MY TOP 10 READS OF 2016
Listings of top 10 reads of the year are everywhere these days, at least if you are on social media. So why add another? For two reasons: 1) In contrast to many of those whose lists are published in the major newspapers, my reading focuses on the work of Australian writers, both because it genuinely excites me, often far more than work by acclaimed American or British authors, and because I believe readers should read ‘their own’ stories and support a ‘Buy Australian’ campaign for books. 2) My interest is in writing and teaching writing, and so my focus in good books is on what you and I can learn from them. The following list does not mean that I read all significant books published in 2016, of course. There may well be great reads to come – which will end up on my list of top ten reads of 2017!
Sacred Trespasses kindly included my four top reads in their Year’s Best Reads 2016:
- My top read of 2016 was Griffith Review 54: Earthly Delights: The Novella Project. If you read my review in Rochford Street Review, you’ll learn why these five novellas can teach you a lot about writing character and place as well as the novella form itself.
- Georgia Blain’s latest – and sadly last (she died earlier this month after suffering from brain cancer for about a year) – novel Between a Wolf and a Dog was my novel of 2016. It is the pinnacle of her career. In a different blog post I wrote about the book in context with the advantages of Using Multiple Points of View for Structure.
- My favourite discovery this year was Rodney Hall and his novel Love Without Hope, which I wrote about in an earlier blog post this year. Love Without Hope excels in many aspects of good writing, including theme, voice and characterisation, and lyrical and rhythmic language.
- My fourth and final top read for Sacred Trespasses was a non-fiction book, Not Just Black and White: A Conversation Between a Mother and Daughter by Lesley and Tammy Williams, which I reviewed in Rochford Street Review and wrote about as a prime example of social history in my blog post Memoir, Social History and Autobiography. This book is on my list not so much for the writing, but for the information about historical issues affecting Aboriginal people that I hadn’t been fully aware of before.
The following are listed in no particular order of preference:
- Joan London is one of my favourite Australian writers and her latest novel, The Golden Age, did not disappoint. The story is set in 1954 in the former real Polio Convalescent Home for children ‘The Golden Age’ in Perth. The use of multiple points of view allows the author to zoom into the heads, emotions and traumas of several characters – two of the children, their parents, and a nurse at the home – a very effective technique to broaden the novel’s scope and complexity and to give more depth to her story. London shows extraordinary empathy for and insight into the lives and emotions of people very different from her own, often in flashbacks. One theme is the trauma of refugees and the bewilderment they may experience on arrival in Australia. Paralysis is not only in the bodies of the children at the home, suffering from polio, but also in the lives of the adults around them.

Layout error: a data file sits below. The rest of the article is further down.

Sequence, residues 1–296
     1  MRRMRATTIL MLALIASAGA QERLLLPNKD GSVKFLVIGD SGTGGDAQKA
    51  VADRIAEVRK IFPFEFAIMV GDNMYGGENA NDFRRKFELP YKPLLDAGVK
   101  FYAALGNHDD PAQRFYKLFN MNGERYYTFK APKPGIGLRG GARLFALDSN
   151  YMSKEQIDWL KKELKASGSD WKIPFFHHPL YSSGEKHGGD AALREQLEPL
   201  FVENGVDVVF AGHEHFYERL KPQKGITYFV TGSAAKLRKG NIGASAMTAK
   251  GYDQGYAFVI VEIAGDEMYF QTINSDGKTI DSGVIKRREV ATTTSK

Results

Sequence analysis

- The winner of the Miles Franklin award 2016, Black Rock White City by AS Patric includes profound passages about the trauma of refugees and the subtle disrespect as well as outright racism migrants can experience in Australia. I loved the clipped writing style.
- The Teacher’s Secret by Suzanne Leal, set in a small coastal town in New South Wales. For more, see my previous blog post on THEME: CHILD SAFETY AND THE CHILD PROTECTION SYSTEM. I also listed The Teacher’s Secret in my blog post 10 GREAT NOVELS ON COMMUNITY.
- Michael Robotham’s stand-alone novel Life or Death was shortlisted for the two top crime novel awards in the world: the American Edgar Award, so named in honour of Edgar Allan Poe, and the British CWA Gold Dagger Award, which it won. It is a cracker, both for lovers of crime thrillers and for writers. Read more about it in my blog post Michael Robotham’s novel Life or Death: A blueprint for writing a bestseller.
- As I wrote in an earlier blog post, Kei Miller’s latest novel Augustown dazzled and excited me for similar reasons as Rodney Hall’s novel Love Without Hope did: a strong focus on an important theme as a unifying force throughout the novel and the dazzling beauty of Miller’s poetic language and rhythm.
- Hanya Yanigahara’s novel A Little Life was the first book I read in 2016, and it is now part of my top 10 reads of all time. It focuses on four friends who meet at college and all move to New York at the completion of their studies. Its strongest theme is the relentless effect of childhood sexual abuse, which dominates the life of one of the friends, Jude, who becomes the novel’s protagonist. In a series of flashbacks, the reader discovers the full extent of the abuse Jude suffered, which is set off by the novel’s other strong theme: friendship with its possibilities of unwavering loyalty, love and kindness, but also betrayal. Its setting in New York with beautifully evocative descriptions of various suburbs and insightful passages about its culture also makes it a novel about New York. Furthermore, it is one of few novels to incorporate the working lives of the four characters: in law, architecture, experimental art and acting, supplemented by work in restaurants before the first success. What I also love about this novel is Yanigahara’s lack of labelling the characters: some are gay, some are black, yet they are never referred to as such, they are simply people. Some may find A Little Life too emotionally confronting, but for me it is a profoundly moving story because of the tenderness and love Jude receives from those around him.